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Intermingling cloud, big data, IoT, machine learning and AI, Industry 4.0 presents a combination of elements in a far more interconnected platform than enterprise IT organizations have managed in previous technological eras.
The movement originated and is popular in manufacturing, but many of its concepts apply to other verticals and industries, including IT operations. As a result, enterprise IT teams should prepare for some prominent Industry 4.0 challenges.
IoT and Industry 4.0
Industry 4.0 promises smart factories and other buildings and physical infrastructure, thanks in large part to the internet of things, specifically for industrial usage. In IoT, a massive number of diverse devices are connected to networks. From dumb sensors to fully fledged intelligent edge devices, an organization's overall network-enabled platform sees not only an increase in complexity, but also richer data sets.
Herein lies one of the most significant Industry 4.0 challenges: The effect of IoT on an average enterprise IT organization is not just limited to a few hundred devices that log and send data, but thousands, or even millions that connect to networks and generate data. Many experts think centralization is the best method to deal with IoT data, but the vast majority of it is redundant, which renders a wholesale data storage and processing approach ineffective. For example, a measurement device that states that its calculations are within normal limits creates unnecessary data for the IT organization to store -- it should only collect data if the calculations trend abnormally or exceed set limits.
To manage data volumes associated with Industry 4.0, device makers can build intelligence into the product, enabling it to decide what data is superfluous. Another approach is to interface these data-collection devices with an intelligent edge device, such as a Dell Edge Gateway or a Cisco Integrated Services Router, that aggregates data and analyzes it in situ. An edge gateway is cost-effective and enhances security, as all controlled devices are effectively hidden and airlocked from the main network.
Consider the benefits of a layered plan of attack for data intelligence to combat this challenge with Industry 4.0. IT organizations must architect systems to push data from edge devices and gateways to a concentrated data storage and analysis environment. They can use data management tools, whether they be on premises, such as noSQL database systems Riak and MongoDB, or cloud-based, IoT-specific functional platforms, such as IBM Watson IoT Platform or Google Cloud IoT.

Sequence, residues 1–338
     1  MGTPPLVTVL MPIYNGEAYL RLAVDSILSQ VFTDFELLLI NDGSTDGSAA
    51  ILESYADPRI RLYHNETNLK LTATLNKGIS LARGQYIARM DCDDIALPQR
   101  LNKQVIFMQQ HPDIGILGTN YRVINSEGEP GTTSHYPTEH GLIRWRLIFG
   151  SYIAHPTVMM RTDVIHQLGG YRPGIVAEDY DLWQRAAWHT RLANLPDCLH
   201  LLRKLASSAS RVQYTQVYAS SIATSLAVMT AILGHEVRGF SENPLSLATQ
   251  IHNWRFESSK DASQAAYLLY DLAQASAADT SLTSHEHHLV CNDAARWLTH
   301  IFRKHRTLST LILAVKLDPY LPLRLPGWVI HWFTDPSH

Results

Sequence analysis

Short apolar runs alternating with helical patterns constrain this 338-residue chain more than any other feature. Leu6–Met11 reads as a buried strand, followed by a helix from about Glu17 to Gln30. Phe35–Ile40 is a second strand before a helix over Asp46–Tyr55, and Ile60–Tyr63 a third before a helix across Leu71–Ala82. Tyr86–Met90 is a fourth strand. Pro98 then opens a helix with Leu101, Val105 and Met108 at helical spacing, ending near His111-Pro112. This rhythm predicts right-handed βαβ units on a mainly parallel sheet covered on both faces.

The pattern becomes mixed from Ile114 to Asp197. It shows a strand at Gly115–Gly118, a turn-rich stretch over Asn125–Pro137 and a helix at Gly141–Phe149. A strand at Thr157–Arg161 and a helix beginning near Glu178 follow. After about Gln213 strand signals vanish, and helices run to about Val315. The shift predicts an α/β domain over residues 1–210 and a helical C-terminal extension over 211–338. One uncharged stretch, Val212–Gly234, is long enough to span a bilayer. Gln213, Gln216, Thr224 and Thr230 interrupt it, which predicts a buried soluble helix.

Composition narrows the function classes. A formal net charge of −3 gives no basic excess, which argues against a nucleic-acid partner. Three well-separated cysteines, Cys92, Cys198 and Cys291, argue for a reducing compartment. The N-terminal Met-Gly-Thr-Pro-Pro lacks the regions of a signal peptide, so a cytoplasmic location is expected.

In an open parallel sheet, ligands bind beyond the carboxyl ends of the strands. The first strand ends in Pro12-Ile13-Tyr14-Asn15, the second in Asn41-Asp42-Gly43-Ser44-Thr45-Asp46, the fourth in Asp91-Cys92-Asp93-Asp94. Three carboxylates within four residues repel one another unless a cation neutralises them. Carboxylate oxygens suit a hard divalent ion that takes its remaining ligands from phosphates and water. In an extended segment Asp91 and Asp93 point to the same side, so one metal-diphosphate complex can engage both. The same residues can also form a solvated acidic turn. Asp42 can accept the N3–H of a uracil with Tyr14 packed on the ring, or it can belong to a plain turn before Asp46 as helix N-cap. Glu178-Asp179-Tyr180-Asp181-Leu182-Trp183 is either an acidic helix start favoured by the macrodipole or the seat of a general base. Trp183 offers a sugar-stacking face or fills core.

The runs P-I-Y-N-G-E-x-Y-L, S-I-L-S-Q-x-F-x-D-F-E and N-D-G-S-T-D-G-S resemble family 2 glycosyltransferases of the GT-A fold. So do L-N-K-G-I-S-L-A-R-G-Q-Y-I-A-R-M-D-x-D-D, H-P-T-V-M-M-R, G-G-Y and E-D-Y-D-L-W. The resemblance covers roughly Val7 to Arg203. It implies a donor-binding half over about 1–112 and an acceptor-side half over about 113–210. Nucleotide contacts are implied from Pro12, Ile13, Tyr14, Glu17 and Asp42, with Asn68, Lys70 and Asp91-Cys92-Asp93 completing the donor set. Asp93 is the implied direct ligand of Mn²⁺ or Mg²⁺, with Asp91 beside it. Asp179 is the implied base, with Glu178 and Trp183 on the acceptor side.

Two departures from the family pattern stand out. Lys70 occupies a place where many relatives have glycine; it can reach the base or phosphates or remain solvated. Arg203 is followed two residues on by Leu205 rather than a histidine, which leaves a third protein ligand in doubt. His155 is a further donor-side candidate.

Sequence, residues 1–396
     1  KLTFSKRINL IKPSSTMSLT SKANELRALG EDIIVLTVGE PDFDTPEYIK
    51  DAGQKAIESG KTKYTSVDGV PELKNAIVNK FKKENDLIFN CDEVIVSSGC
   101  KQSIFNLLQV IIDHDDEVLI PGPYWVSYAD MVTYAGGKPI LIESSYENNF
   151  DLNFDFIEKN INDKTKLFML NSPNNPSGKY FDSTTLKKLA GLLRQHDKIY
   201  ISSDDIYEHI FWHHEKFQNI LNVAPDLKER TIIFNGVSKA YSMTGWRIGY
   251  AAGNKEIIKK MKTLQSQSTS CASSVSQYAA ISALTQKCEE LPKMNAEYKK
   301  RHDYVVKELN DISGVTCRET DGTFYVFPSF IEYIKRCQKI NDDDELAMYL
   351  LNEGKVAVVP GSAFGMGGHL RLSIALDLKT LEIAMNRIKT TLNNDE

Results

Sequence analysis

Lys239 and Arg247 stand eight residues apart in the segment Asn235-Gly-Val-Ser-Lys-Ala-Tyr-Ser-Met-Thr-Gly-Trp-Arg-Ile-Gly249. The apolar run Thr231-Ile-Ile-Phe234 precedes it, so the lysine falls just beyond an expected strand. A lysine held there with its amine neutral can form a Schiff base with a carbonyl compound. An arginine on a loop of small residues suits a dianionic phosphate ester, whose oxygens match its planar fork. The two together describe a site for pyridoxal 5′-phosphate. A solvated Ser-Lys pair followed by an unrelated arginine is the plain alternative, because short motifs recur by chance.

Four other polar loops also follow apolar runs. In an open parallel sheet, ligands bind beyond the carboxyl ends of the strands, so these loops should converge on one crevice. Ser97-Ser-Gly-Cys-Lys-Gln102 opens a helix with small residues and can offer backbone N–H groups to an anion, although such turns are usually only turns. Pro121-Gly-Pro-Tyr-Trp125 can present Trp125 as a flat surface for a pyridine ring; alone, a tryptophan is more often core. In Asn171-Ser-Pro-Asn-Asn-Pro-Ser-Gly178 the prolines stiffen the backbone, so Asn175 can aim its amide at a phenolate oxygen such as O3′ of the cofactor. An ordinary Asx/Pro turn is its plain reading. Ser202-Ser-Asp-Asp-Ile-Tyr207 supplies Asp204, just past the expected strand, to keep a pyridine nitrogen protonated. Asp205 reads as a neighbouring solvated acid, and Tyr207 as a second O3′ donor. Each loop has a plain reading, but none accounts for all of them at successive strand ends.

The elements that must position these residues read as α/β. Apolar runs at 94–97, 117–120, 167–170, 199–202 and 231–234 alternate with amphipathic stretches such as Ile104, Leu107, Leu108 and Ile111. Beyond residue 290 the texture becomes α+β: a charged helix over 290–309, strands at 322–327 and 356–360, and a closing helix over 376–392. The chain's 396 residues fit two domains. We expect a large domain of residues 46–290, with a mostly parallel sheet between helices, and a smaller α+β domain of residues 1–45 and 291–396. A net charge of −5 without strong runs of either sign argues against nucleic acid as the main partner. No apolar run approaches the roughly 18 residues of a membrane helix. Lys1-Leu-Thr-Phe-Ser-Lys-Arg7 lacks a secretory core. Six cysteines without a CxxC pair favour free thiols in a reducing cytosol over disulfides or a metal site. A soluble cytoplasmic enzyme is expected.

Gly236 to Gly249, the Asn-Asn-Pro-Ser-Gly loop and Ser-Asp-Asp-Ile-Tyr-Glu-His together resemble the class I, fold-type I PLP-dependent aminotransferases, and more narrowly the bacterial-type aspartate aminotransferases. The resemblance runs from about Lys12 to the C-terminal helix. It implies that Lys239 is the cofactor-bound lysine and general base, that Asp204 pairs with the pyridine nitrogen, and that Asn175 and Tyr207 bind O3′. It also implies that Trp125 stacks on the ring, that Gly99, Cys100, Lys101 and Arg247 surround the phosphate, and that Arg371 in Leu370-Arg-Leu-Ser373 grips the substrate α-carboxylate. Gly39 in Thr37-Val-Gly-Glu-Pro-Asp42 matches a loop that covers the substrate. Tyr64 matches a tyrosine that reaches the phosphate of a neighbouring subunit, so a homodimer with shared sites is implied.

Machine learning and AI
IT teams can thwart another major Industry 4.0 challenge with policy-based operations.
The number of events that happen across a large IoT platform, even after filtration, exceed the management capabilities of any human administrator. Instead, in an Industry 4.0 world, systems work against the backdrop of predefined, required outcomes, and learn and adapt to dynamic situations.
For example, a group of devices runs with a specific set of variables within the maker's limits of operation; however, the devices have a high failure rate. This issue could result from poor quality control from the device maker, or issues caused by the devices' operating variables. An IT administrator identifying the root cause could take too long by the business's standards: While diagnosis processes, the company must either run the susceptible devices and risk failure, or turn them all off and lose a key capability they provide.
Deep analysis, through machine learning (ML) and AI, shows experts how to intelligently tweak the parameters and device setup for variables in operation. The goal is to maintain the organization's overall capability build on the devices, while it swiftly identifies and remediates the root cause of failures.
Combine this approach with widespread device management automation to also diminish security challenges. Organizations can monitor and react to security threats, including zero-day attacks and man-in-the-middle spoofing attempts. Device management automation also gives the IT organization the ability to reprogram a whole process in real time to react to market dynamics that affect the business.
A snag in the revolution
Industry 4.0 requires IT organizations to view everything across the platform as peer systems, and manage them as such. This conceptualization removes separate networks and operations for IoT, data and storage. While each of these elements has its own devices and needs, each must be visible and manageable as a single entity.
Use edge gateways to create a network of cells to hide devices, but confirm that the central intelligence systems understand what exists behind each gateway, and how to securely pass instructions to the devices.
As this change spreads from manufacturing to other industries, IT organizations must prepare for and mitigate Industry 4.0 challenges. Any organization that wants to operate with a building information system, or even to monitor and manage a complex estate of IT systems comprised of servers, PCs, storage and networking equipment, alongside devices ranging from smartphones to printers, must anticipate the data explosion that could otherwise adversely affect the overall IT platform.